“I think the right approach is to accept this horribly created — in the sense of rape — but nevertheless a gift in a very broken way, the gift of human life, and accept what God has given to you… rape victims should make the best of a bad situation.”
        - Rick Santorum (R – PA)

        ”Some girls rape easy.”
        - Roger Rivard (R-WI)

        ”As president, I will create 12 million new jobs.” coupled with this said 45 minutes later: “Government does not create jobs. Government does not create jobs.”
        - Mitt Romney

        • Michael Trujillo says:

          Forgot to add to my last comment:

          Yes, Doug, you’ve set a mighty low bar for Lee to clear regarding intellectualism.

        • laytonian says:

          Uh….Newt. If you’re sending the package to find out where the illegals are, how do you know where to send the package?

          Thanks, Michael, for the laughs.

      • Decider says:

        When comparing an object far, far away, it is easy to erroneously suggest that those close at hand are more substantial than those enormous landmarks, never visited. far off on the horizon.

  2. J. Hartwell says:

    Just by chance, did this proponent of conservative ideals and personal responsibility happen to include a guide on how to short sell your house, leaving your mortgage bank to take a $400,000 loss? And then rent a home from the man you sold to, (a federal contractor AND campaign donor)?

  3. Neal Cassidy says:

    Doug if you think the sharpest brains are found in the current Republicans in the House I fear the day the duller ones get elected. Unless you are chaneling your inner Jon Kyl(R-AZ) who said after being caught making a false claim during congressional debate “Not intended to be a factual statement”.

  4. Dovie says:


    administration….delaying by a year…one of Obamacare’s provisions, the requirement that large employers provide health insurance. You’d think the opposition party, which has spent four years denouncing the health care reforms, would be delighted by the reprieve.

    “This committee intends to get an explanation,” proclaimed Rep. Kevin Brady, R-Texas, chairman of the subcommittee holding the hearing. “This committee has serious questions about how and why this alarming decision was made and the effect that delaying this key provision will have on other provisions of the law.”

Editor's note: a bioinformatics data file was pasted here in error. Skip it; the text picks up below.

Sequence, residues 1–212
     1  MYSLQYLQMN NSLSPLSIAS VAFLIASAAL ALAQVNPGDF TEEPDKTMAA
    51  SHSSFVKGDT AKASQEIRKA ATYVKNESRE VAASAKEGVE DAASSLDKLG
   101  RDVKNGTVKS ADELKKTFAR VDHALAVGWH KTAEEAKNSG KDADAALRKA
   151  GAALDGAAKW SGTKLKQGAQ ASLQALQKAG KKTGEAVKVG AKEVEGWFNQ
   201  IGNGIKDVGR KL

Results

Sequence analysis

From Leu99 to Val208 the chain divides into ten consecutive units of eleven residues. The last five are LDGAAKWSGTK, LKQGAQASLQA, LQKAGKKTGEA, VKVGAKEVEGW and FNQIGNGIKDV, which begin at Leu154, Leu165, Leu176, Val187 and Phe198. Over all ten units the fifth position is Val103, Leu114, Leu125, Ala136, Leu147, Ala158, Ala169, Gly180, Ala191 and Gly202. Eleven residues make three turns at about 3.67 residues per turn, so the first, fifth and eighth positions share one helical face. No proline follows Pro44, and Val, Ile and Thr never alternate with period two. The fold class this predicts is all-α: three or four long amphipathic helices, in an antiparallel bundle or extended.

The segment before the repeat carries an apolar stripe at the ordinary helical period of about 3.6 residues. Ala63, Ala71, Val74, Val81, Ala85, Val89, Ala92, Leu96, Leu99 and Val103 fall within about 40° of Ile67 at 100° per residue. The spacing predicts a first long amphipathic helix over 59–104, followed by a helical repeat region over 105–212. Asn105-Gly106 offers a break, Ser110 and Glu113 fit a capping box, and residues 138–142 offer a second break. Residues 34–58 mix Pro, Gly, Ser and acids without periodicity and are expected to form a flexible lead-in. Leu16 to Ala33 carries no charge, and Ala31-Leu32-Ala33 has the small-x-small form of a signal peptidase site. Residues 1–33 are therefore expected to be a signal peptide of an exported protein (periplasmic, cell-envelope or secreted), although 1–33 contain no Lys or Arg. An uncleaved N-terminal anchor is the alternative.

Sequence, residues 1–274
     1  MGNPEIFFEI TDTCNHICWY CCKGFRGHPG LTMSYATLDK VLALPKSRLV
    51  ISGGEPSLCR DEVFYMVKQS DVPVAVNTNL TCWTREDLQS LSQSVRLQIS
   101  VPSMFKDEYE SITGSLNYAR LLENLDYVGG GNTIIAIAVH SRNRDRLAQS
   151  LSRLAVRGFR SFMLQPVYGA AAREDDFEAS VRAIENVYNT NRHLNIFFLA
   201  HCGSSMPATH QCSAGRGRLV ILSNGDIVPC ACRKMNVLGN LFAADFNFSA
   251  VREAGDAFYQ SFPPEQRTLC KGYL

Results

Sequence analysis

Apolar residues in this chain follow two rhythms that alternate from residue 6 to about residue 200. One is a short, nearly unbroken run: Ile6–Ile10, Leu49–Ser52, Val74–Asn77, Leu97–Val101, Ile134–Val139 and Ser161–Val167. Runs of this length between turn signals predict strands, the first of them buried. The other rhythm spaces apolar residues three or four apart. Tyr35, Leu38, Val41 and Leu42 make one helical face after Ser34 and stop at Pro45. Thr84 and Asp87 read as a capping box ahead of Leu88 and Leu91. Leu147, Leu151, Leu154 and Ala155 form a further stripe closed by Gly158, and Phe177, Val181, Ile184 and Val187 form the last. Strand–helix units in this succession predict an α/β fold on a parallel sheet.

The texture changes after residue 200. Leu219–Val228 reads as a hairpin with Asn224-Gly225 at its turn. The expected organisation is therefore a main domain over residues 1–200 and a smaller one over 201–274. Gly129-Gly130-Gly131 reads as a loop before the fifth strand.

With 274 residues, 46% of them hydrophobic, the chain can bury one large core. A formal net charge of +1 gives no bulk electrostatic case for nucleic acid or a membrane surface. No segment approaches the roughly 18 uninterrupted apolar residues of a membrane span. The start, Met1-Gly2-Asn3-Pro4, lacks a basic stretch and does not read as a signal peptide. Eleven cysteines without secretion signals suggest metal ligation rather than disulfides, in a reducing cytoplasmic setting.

It was kind of the chairman to show such thoughtful concern for a law he wants repealed. And if Brady saw the delay as “alarming,” others were apoplectic. “Boy, I’ll tell you,” Rep. Sam Johnson, R-Texas, said, beginning his remarks. “I hate to see a dictatorship come into this country, but it sure looks like that’s what’s happening with health care.”

    “We see this as definitely something that leans toward socialism,” proclaimed Rep. Devin Nunes, R-Calif.

    President Obama was called a dictator and a socialist for passing Obamacare. Now he’s a dictator and a socialist for postponing it? “The irony of objecting to the delay of a program you’ve been trying to stop is no doubt lost on this room,” observed Rep. Jim McDermott of Washington, the ranking Democrat on the subcommittee.

  5. Stephen M Cook says:

    The American Conservative Movement no longer has an intellectual core; its all about knowing truth through listening to your gut, and making specious arguments about already settled constitutional case law.

    Might as well read Bork explain why virtually all findings handed down since 1795 are “unconstitutional”, due to a misreading of the commerce clause.

    These folks are interesting in the abstract, gods help us when they are in power. Mr. Lee takes advantage of his unschooled constituency, and makes a name for himself.
    However, it is not a name you would utter in polite progressive society.

  6. Yuk Yuk says:

    Don’t forget about the bright Democrats in Congress.

    Hank Johnson from Georgia was worried that putting too many troops on the island of Guam would cause it to tip over.

    Sheila Jackson Lee from Texas was learning about the Mars Pathfinder rover and asked if the rover had been able to send back pictures of the flag planted back in 1969 by Neil Armstrong.

Leave a Reply

Your email address will not be published. Required fields are marked *


You may use these HTML tags and attributes: <a href="" title=""> <abbr title=""> <acronym title=""> <b> <blockquote cite=""> <cite> <code> <del datetime=""> <em> <i> <q cite=""> <strike> <strong>